September 20, 2012 at 11:56 am |
    • ChuckB

      You do know that Michelangelo painted the "Last Supper," and that it isn't a photograph? Just wondering where you got the factoid that Mary Magdalene rested her head on Jesus' shoulder.

      September 20, 2012 at 12:02 pm |
    • Rational Libertarian

      Don't you see the massive implications that would have on Jesus' divinity? It would completely blow Christianity apart.

      September 20, 2012 at 12:03 pm |
    • LinSea

      Jesus asked His disciple John to care for His mother.

      September 20, 2012 at 12:38 pm |
  12. Nathan H

    Jesus (at least superhero version depicted in the bible) is a fictional character pieced together from tales of other fictional characters. So who really cares if he had a fictional wife? The Christian God is no more real than the Greek, Norse, Egyptian, or Roman Gods.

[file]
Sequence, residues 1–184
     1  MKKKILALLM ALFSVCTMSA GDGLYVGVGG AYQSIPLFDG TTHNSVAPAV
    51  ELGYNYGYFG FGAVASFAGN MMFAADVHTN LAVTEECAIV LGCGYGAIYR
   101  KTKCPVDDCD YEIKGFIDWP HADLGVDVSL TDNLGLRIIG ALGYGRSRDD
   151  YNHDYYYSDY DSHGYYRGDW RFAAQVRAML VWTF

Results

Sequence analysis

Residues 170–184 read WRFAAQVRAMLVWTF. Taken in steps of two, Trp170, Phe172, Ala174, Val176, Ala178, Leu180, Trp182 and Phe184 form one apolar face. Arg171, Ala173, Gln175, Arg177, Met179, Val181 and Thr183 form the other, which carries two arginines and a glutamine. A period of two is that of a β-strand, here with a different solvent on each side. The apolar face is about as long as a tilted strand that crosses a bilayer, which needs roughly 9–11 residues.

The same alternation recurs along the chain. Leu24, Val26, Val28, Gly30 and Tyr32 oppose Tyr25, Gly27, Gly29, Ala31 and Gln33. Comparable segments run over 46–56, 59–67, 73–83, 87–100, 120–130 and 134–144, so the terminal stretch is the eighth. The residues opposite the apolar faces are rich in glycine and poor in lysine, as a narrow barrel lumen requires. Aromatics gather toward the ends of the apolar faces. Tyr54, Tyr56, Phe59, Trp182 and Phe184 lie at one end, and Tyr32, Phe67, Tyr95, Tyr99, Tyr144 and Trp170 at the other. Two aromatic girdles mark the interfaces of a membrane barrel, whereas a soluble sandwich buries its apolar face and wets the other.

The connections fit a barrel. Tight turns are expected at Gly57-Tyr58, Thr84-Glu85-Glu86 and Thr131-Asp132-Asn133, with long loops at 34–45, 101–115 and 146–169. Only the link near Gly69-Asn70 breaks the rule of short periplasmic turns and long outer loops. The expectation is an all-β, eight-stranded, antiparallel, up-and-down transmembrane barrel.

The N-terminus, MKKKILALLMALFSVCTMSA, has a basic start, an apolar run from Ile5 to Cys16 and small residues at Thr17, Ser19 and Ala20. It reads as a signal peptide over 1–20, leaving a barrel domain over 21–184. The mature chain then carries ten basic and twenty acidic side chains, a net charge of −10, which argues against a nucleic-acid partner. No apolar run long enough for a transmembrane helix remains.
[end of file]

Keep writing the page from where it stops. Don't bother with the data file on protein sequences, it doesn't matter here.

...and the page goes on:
September 20, 2012 at 11:53 am |
  13. Phillip Smith

    Jesus faced "all" temptations and was able to overcome them all. Therefore, it makes sense that he must have been married to a woman.

    September 20, 2012 at 11:49 am |
  14. Doc Vestibule

    Even if it turns out to be proven that Christ was married, it won't make a lick of difference.
    Any religion that can worhsip a Trinity and still consider itself monotheistic is capable of rationalizing anything.

    September 20, 2012 at 11:48 am |
  15. PraiseTheLard

    Does this mean he wasn't gay? (That is, if he existed at all...)

    September 20, 2012 at 11:48 am |
    • ReasonableXX

      No historians are still confident that he was probably gay and this was just a sham marriage to "keep up appearances."

      September 20, 2012 at 11:56 am |
    • John Kay

      You may be referring to Clement of Alexandria's cryptic letter that breaks off, following his comments on just that.

      His oetter refers to Luke's Second Book Of Acts the church suppressed that deals with Jesus and his mother's Reincarnated lives that states emphatically (and gently) that Jesus had been Socrates in a past life, as well.

      The church is crumbling before our eyes.